A few weeks back I told the story of Samuel Pearce Carey, the 5th pastor of Collins Street. Carey arrived at the church at the turn of the 20th century, a time of extraordinary social change. As the 1900s kicked into gear, Melbourne’s suburban development was gathering speed, soon to be an unstoppable force in the city’s rapid growth. While Collins Street may have began in the 1800s as a local parish church—its members walking to worship from the surrounding neighbourhood—a serious makeover of its identity was now vital to its future.
There was no end of advice for Carey and his deacons as they stared down this challenge of demographic change. The national publication for Australian Baptists, The Southern Baptist, detailed Collins Street’s challenge: ‘How does one get in touch with the community when there is no community to touch?’ The answer, the editorial concluded, was in the drawing power of the church’s pulpit.
For decades to come, it was this strategy that Collins Street embraced and with considerable success. Though it would never again reach the heights of membership it knew in the previous century, Collins Street remained a bastion of fine preaching and traditional Baptist worship, a combination that drew people from the suburbs in significant numbers. Its metropolitan identity—a church of broad horizons—was mirrored in the ministry of the other city churches facing precisely the same challenge.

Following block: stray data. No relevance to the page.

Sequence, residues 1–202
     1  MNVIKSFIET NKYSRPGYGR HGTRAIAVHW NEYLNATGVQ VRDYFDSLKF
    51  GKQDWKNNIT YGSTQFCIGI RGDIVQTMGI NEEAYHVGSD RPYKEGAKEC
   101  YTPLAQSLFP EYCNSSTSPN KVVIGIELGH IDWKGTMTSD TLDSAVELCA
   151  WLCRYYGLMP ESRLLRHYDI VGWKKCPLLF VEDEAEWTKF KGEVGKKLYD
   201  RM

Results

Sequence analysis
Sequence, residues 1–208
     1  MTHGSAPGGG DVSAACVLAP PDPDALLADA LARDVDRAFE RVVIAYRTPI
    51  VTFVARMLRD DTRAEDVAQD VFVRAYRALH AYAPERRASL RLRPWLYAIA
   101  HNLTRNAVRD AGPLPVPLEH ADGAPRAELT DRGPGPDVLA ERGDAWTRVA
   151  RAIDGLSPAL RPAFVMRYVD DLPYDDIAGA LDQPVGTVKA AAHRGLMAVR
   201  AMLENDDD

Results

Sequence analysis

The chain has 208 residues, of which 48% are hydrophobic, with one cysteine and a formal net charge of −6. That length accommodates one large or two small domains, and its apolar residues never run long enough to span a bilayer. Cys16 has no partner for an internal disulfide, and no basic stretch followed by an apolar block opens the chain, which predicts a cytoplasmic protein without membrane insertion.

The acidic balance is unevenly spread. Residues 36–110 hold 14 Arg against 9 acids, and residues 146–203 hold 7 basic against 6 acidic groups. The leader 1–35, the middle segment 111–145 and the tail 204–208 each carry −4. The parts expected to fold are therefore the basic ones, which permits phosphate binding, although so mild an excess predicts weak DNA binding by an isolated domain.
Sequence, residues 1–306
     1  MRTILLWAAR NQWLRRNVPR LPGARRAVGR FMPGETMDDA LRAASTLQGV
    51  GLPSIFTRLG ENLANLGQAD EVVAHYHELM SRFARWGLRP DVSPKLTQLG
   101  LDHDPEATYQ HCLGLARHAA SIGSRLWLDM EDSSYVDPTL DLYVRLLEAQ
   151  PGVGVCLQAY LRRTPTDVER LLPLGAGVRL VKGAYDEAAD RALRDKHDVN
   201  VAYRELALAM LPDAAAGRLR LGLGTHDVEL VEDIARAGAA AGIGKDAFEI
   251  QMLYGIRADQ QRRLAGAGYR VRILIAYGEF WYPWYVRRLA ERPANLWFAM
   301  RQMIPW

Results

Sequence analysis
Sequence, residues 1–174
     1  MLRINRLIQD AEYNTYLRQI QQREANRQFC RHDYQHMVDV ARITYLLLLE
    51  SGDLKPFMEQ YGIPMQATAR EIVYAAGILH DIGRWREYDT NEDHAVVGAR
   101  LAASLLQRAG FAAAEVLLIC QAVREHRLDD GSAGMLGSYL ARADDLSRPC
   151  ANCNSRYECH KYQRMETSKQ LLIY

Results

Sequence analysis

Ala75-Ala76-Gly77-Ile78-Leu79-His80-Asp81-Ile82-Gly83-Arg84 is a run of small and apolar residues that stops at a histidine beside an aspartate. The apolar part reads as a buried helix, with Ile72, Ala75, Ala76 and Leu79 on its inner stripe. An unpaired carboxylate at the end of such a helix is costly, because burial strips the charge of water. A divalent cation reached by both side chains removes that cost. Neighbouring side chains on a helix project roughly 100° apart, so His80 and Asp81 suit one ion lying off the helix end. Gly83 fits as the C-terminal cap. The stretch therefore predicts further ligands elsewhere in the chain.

What’s fascinating is that the turn of the 21st century has witnessed an equally radical change in the city’s demographic, but this time in reverse. While in the late 1980s there were just 700 people living in the CBD, today there are more than 20,000. Add to this the burgeoning populations of Southbank and Docklands and we once again have a city with a thriving residential life. What’s more, this growth shows no sign of slowing. Just last week The Age reported that while new home approvals across the state have plunged 25% in the last year, approvals in inner Melbourne have almost doubled, that’s more than 5000 new homes in the CBD, Docklands and Southbank in the last 12 months. The city now claims 10% of Victoria’s new homes approvals. The most recent projections estimate a CBD population of some 50,000 people in the next 20 years.
It seems to me that the challenge for a church like Collins Street is one of identity. Who are we and what do we aspire to be into the future? No doubt, a central city church like ours will always retain a metropolitan aspect to its ministry. But increasingly we must rediscover our parish identity—that most local sense of connection to our neighbourhood as it is today. For us, it’s a process that’s already begun, but an evolving sense of self is always challenging for a community. What do we hold onto and what do we let go? It was a challenge Carey faced a century ago. Now the challenge is ours.